HeadsUp For Washington State – November 14, 2013, Opinions

HeadsUp For Washington State – November 14, 2013, Opinions

Thursday, November 14, 2013 

To view the full text of these opinions, please click here. Lexis.com® subscribers may use the links below to access the cases on lexis.com.

The Supreme Court of Washington filed 4 new opinions and Division Three of the Court of Appeals filed 2 new published opinions on Thursday, November 14, 2013: 

Supreme Court

1. Donatelli v. D.R. Strong Consulting Engineers, Inc.

No. 86590-6

(November 14, 2013)

2013 Wash. LEXIS 934 




Brief: The independent duty doctrine is an analytical framework that is used to determine whether one party to a contract can bring tort claims against another party to the contract. The independent duty doctrine allows a plaintiff to pursue a tort claim against a defendant if the plaintiff can prove that the defendant's breach of a tort duty arises independently of the terms of the contract. To determine whether a duty arises independently of a contract, a court must first know what duties have been assumed by the parties within the contract. Because there were genuine issues of material fact regarding the scope of the defendant’s contractual duties to the plaintiffs, the independent duty doctrine could not be applied to say, one way or the other, whether the defendant had a duty independent of the contract to avoid professional negligence. However, the defendant’s duty to avoid misrepresentations that induced the plaintiff to contract with the defendant in the first place did arise independently of any contract the parties might have agreed to. The plaintiffs' negligence claims could not simply be dismissed on the narrow legal grounds argued by the defendant. 


2. McDevitt v. Harborview Medical Center

No. 85367-3

(November 14, 2013)

2013 Wash. LEXIS 931 



Brief: Recognizing the express constitutional authority in Const. article II, section 26 for the legislature to direct “in what manner, and in what courts, suit may be brought against the state,” the court concluded that the 90 day presuit notice requirement of former RCW 7.70.100(1) (2006) is constitutional as applied against the State on the grounds that the legislature may establish conditions precedent, including presuit notice requirements. While recognizing the statutory waiver of sovereign immunity, the court has upheld similar procedural requirements for suit against the State (e.g., those codified in former RCW 4.92.110 (1977) and former RCW 4.96.020(4) (1993)). Thus, the presuit notice requirement of former RCW 7.70.100(1) as applied to the State is a constitutionally valid statutory precondition for suit against the State because it was adopted by the legislature as provided in article II, section 26 of the Washington Constitution. 


3. In re Personal Restraint of Gronquist

No. 87666-5

(November 14, 2013)

2013 Wash. LEXIS 929 


            CRIMINAL LAW 

Brief: By statute, appellate costs awardable to the State are limited to expenses specifically incurred by the state in prosecuting or defending an appeal or collateral attack from a criminal conviction or sentence. RCW 10.73.160(2). The petitioner’s challenge to the department's administrative disciplinary action was not an appeal from or a collateral attack on a criminal conviction or sentence. It therefore falls outside the plain statutory limitation on appellate costs allowed to the State.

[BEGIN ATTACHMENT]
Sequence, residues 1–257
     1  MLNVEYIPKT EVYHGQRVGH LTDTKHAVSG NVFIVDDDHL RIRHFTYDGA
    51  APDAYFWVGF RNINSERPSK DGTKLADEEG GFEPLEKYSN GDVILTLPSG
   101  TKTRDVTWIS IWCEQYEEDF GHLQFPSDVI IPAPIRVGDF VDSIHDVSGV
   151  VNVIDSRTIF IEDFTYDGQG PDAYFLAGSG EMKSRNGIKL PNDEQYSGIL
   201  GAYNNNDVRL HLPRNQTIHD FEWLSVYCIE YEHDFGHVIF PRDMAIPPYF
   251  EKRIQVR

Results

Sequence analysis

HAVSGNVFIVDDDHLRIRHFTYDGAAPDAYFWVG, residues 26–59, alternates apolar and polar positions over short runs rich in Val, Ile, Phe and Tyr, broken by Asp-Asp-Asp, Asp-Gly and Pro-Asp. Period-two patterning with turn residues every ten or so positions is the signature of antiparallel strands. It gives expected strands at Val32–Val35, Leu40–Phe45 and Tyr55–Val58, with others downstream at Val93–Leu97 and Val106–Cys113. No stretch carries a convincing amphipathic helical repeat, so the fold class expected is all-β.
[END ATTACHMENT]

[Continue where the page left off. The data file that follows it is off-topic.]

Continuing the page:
4. State v. Monfort

No. 88522-2

(November 14, 2013)

2013 Wash. LEXIS 930 


Brief: A county prosecutor may consider the facts of the crime when deciding whether to file a death penalty notice, and the judiciary may review only whether a prosecutor has a “reason to believe that there are not sufficient mitigating circumstances” under RCW 10.95.040(1).


Court of Appeals:


1. In re Dependency of A.P.

No. 30925-8

(November 14, 2013)

2013 Wash. App. LEXIS 2659 




Brief: Attorney fees were not awardable to the parent in the parental rights termination proceeding under the equal access to justice act because a parental rights termination suit does not comprise “judicial review.” 


2. In re Estate of Dormaier

No. 30864-2

(November 14, 2013)

2013 Wash. App. LEXIS 2661 



Brief: In an action alleging medical malpractice wrongful death in which a verdict was returned in favor of the plaintiffs, the defendant appealed, contending that the trial court erred by (1) instructing the jury on a medical patient's lost chance of survival; (2) ruling res judicata precluded them from allocating fault to the physicians; (3) denying their motion for judgment as a matter of law; (4) denying their request for entry of judgment in their favor upon the special verdict; and (5) denying their request for a judgment award limited to the estate's damages or, alternatively, 70 percent of both plaintiffs’' damages. Rejecting all of the defendants’ contentions, the appellate court affirmed.

About HeadsUp: Tell a friend to register online to subscribe to receive issues of the HeadsUp for Washington. To opt-out, unsubscribe, or to stop receiving this communication, use this link. For questions or comments, please write: HeadsUp@lexisnexis.com. HeadsUp for Washington is brought to you by LexisNexis®, publisher of the Washington Official Reports.

For more information about LexisNexis products and solutions, connect with us through our corporate site.